Life in the trucking business is not easy, especially when tethered to family pride.
It was the day before Craig’s birthday in 2012, when Bruce, the “determined German” as his son likes to call him, suffered a series of debilitating strokes.
The fate of Angaston Transport, which the Doeckes had built up since 1968, rested with their three sons, Matthew, Craig and Shane, all of whom had, at their parents’ encouragement, pursued other careers after high school.
With older brother, Matthew, established in Adelaide as an accountant, and Shane having recently started a business as a diesel mechanic, it fell to Craig, a carpenter and vineyard manager, to take over.
“I chucked in what I was doing. Everyone said, ‘What’s going to happen? Is the business going to shut up?’ I went, ‘Nah, I’ve got to man up’, and that was it,” says Craig, rubbing a work-hardened hand over his stubbly cheeks.
Other than driving casually for his parents during peak times like vintage, Craig had been shown little about running the business, or the nuances of how to transport livestock, which must be done with precision and care—delicately packed like a carton of eggs.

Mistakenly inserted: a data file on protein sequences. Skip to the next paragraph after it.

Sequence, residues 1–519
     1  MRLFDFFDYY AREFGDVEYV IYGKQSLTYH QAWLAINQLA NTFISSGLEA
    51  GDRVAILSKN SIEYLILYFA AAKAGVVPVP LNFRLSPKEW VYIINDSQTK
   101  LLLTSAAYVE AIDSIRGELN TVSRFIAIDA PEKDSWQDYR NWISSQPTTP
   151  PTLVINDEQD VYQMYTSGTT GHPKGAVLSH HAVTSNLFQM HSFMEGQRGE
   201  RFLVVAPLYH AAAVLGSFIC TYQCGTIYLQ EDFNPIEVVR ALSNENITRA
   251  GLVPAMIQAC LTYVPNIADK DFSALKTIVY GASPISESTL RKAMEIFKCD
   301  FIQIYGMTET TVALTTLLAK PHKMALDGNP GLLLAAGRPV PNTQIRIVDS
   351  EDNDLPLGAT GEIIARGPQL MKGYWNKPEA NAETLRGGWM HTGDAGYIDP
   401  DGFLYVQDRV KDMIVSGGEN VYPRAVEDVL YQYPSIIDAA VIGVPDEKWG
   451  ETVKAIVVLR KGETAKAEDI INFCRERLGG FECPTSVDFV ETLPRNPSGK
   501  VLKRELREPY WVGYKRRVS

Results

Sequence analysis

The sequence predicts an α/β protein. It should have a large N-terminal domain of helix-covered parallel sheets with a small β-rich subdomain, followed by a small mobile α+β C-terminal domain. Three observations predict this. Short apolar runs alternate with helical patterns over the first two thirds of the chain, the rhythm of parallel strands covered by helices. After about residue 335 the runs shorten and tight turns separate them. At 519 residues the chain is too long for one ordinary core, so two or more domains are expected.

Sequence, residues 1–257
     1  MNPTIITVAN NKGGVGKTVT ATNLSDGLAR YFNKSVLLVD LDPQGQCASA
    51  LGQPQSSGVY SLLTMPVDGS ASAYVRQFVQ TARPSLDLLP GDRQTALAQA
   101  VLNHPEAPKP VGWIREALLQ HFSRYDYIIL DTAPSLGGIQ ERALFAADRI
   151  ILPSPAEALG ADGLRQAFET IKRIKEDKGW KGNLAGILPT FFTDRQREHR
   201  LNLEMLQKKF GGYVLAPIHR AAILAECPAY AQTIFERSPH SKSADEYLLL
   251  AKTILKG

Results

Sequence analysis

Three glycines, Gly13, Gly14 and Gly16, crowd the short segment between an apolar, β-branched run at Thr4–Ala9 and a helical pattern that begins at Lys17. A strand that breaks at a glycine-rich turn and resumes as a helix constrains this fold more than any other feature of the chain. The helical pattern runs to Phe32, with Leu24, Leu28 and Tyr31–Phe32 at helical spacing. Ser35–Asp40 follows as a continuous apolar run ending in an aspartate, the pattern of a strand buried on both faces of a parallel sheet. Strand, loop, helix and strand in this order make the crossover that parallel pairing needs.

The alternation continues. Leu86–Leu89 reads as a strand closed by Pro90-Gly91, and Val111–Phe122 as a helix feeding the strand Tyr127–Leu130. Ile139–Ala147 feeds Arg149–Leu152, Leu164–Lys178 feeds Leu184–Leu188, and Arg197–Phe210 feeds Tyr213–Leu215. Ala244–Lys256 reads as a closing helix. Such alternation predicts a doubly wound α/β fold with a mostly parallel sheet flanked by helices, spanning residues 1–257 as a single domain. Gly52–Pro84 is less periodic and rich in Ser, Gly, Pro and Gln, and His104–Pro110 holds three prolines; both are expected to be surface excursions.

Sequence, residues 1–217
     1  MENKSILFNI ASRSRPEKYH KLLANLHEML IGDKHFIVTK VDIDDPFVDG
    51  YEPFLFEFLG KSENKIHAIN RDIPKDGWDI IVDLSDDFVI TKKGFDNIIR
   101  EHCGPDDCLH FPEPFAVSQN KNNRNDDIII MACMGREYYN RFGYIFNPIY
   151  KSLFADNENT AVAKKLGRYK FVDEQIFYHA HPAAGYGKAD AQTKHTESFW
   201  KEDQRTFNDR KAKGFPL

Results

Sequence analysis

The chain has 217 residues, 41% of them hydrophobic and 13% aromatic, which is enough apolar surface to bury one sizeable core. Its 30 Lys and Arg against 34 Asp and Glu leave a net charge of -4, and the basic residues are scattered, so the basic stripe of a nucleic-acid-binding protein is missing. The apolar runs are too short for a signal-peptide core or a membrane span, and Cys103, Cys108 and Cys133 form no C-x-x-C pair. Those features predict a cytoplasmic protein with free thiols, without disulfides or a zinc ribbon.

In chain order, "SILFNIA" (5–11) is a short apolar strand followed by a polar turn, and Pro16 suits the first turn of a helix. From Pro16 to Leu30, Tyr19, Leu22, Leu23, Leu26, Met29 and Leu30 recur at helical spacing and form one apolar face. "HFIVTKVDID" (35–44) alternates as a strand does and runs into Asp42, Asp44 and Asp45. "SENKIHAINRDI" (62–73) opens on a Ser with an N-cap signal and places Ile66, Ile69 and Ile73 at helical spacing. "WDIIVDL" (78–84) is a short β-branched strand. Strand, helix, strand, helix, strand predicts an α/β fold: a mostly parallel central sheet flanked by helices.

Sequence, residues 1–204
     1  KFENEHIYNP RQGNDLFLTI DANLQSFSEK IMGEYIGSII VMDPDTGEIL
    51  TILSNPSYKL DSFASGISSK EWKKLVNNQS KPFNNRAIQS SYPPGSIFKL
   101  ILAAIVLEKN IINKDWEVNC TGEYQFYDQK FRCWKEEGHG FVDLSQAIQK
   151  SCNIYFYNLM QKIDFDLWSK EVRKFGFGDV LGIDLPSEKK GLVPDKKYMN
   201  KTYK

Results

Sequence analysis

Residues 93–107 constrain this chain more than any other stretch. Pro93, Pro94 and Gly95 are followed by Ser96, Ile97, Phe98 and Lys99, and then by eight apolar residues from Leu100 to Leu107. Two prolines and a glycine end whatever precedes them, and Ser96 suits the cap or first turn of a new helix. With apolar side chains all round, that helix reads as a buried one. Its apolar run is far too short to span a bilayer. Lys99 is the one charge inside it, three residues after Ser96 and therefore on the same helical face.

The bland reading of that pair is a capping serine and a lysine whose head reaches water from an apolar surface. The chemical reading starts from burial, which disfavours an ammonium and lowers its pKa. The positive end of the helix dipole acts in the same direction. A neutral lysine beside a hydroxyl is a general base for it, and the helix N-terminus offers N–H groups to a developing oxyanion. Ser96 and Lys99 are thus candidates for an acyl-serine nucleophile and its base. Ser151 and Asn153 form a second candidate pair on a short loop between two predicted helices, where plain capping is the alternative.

With Bruce in rehabilitation and unable to communicate properly for many months, Craig had to figure it out on his own.
“The first day after loading, I drove down the road a bit and just stopped and thought, I can’t do this. I’ve got no idea,” he recalls.
“You worry. You think, I’ve put too many sheep on and I’m going to have dead ones everywhere. I kept checking them, and I was only driving an hour and a half.
“I just stopped and cried on the side of the road.”